Frequently asked questions about binge eating disorder
What is binge eating disorder?
Individuals with binge eating disorder experience frequent "eating binges" where they consume large quantities of food over a short period of time, often with a feeling of loss of control over their eating. The eating binges may occur even when they do not feel physically hungry and may continue until they feel uncomfortably full. Individuals often binge eat surreptitiously because they are embarrassed by how much they are eating and typically they feel guilty or self-critical after the binge has occurred.
How common is binge eating disorder?
Binge eating disorder afflicts 3.5 percent of women and 2 percent of men at some point in their lives. (Hudson et al., 2006).1
Who is at risk of having binge eating disorder?
Research indicates that there is a genetic component to binge eating disorder. Family members of obese individuals with binge eating disorder were themselves twice as likely to suffer from binge eating disorder as were family members of obese individuals who did not have a history of binge eating. (Hudson et al., 2006).2
What are the health consequences of binge eating disorder?
The health risks of binge eating disorder are most commonly associated with clinical obesity. Some potential health consequences include:
- High blood pressure
- High cholesterol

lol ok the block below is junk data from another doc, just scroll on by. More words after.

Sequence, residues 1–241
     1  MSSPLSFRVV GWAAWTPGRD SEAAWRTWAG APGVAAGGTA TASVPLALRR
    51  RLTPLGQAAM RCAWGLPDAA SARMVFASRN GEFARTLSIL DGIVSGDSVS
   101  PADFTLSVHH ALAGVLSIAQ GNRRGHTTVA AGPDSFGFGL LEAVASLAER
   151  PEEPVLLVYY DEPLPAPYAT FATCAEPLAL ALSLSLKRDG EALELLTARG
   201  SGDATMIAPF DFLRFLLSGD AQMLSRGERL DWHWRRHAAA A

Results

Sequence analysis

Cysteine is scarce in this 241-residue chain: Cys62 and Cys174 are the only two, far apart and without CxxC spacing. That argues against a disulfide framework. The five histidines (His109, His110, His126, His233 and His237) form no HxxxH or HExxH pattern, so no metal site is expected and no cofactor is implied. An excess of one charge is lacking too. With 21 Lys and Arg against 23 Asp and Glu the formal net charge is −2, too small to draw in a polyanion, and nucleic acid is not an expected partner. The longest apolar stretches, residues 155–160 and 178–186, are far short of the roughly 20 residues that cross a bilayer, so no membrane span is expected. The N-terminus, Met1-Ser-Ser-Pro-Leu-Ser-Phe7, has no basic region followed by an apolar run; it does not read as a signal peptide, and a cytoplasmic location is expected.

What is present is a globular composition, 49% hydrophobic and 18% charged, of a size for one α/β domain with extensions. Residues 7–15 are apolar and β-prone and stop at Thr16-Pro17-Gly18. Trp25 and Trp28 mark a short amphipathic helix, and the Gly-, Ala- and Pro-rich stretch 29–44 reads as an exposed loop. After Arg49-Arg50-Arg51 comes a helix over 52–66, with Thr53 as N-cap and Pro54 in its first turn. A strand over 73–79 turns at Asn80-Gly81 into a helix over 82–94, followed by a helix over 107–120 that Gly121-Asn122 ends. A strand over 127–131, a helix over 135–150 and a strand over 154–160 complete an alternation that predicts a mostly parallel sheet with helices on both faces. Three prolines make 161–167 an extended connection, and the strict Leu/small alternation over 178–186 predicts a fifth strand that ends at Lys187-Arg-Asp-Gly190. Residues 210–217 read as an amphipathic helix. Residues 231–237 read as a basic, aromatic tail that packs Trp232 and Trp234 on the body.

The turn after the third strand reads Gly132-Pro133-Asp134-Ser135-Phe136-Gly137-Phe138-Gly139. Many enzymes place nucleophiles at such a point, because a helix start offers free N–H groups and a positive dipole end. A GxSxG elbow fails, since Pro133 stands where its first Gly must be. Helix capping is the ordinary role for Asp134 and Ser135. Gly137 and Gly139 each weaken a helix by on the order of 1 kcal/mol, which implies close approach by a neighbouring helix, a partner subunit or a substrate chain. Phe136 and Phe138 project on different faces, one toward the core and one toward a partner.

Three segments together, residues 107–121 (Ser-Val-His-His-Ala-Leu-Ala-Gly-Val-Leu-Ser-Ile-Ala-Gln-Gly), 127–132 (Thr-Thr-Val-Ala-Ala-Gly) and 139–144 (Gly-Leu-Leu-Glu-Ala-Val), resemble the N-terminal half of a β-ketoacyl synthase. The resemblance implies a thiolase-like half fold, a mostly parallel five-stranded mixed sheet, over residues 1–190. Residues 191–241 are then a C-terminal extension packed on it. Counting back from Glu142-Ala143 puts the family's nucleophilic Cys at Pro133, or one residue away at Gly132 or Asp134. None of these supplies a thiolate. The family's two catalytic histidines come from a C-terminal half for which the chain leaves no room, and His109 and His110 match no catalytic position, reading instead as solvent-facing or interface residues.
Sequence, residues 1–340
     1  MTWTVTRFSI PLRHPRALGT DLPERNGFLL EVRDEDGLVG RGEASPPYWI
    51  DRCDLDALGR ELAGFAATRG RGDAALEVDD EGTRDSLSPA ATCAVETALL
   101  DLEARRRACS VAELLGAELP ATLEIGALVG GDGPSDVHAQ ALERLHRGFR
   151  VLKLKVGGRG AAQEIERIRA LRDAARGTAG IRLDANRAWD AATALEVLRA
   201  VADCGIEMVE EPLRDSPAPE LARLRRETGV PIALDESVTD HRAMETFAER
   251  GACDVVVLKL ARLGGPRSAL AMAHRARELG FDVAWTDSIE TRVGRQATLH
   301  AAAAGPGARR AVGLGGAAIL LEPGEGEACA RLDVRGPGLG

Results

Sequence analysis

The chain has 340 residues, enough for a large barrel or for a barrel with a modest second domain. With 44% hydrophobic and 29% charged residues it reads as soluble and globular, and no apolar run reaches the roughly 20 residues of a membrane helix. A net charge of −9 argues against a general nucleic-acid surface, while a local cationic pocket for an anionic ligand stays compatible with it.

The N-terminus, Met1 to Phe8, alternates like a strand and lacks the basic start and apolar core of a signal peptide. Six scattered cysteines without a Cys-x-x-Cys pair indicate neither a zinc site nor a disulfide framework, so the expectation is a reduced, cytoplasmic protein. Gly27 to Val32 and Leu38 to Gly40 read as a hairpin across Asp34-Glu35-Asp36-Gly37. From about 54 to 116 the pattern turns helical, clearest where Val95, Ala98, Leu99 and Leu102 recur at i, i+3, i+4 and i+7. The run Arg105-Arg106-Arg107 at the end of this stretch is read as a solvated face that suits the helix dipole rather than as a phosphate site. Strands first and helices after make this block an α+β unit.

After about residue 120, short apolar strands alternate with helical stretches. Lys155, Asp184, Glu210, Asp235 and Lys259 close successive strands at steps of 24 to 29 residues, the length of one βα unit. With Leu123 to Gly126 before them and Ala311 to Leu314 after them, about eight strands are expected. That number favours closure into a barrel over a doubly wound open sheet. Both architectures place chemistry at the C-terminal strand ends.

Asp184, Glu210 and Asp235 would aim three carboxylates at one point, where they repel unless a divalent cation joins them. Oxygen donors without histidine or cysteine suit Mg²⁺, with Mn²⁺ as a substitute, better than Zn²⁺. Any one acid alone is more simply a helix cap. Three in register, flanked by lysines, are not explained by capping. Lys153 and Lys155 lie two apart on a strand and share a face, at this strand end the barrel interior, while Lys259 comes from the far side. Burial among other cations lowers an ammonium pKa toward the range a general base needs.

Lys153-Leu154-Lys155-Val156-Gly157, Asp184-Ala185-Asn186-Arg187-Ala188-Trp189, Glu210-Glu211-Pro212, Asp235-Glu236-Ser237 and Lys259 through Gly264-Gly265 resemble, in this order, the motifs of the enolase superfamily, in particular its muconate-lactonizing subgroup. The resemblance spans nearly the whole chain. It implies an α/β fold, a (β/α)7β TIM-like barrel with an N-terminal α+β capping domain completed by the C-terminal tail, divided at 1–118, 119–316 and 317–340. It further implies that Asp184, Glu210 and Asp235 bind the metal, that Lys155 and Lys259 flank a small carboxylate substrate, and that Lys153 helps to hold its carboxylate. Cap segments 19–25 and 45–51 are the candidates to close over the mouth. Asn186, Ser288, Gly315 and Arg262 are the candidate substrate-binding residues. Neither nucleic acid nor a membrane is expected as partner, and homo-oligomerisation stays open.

- Heart disease
- Diabetes (Type II)
What are the treatments for binge eating disorder?
Binge eating disorder is a treatable disease. Treatment options for binge eating disorder include:
- Psychological treatments: cognitive behavioral therapy, which teaches individuals to keep track of their eating and change their unhealthy eating habits; and interpersonal psychotherapy, which helps individuals look at their relationships with friends and family.
- Medications: Several medications have been reported to be effective for binge eating disorder, including sibutramine, topiramate, zonisamide, and selective serotonin reuptake inhibitors (citalopram, fluoxetine, fluvoxamine, and sertraline). No medications, however, have been approved by the FDA for the treatment of binge eating disorder.
1 Hudson, J., Hiripi, E., Pope, H., Kessler, R. (2006) Prevalence and Correlates of Eating Disorders in the National Comorbidity Survey Replication. Biological Psychiatry.
2 Hudson, J., Lalonde, J., Berry, J., Pindyck, L., Builk, C., Crow, S., McElroy, S., Lair, N., Tsuang, M., Walsh, B., Rosenthal, N., Pope, H. (2006) Binge Eating Disorder as Distinct Familial Phenotype in Obese Individuals. Archives of General Psychiatry 63:313-319.
The National Eating Disorders Association and the National Institutes of Health.